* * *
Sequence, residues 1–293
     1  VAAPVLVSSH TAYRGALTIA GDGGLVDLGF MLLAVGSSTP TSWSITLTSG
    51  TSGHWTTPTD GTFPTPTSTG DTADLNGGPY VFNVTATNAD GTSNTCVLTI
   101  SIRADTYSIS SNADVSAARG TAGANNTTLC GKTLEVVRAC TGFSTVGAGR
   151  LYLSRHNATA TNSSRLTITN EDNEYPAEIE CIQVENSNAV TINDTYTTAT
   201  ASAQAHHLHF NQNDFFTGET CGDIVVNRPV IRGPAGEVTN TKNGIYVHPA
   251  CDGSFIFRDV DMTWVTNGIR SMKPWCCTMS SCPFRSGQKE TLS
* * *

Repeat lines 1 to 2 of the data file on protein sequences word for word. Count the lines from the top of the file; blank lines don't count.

Sequence, residues 1–293
     1  VAAPVLVSSH TAYRGALTIA GDGGLVDLGF MLLAVGSSTP TSWSITLTSG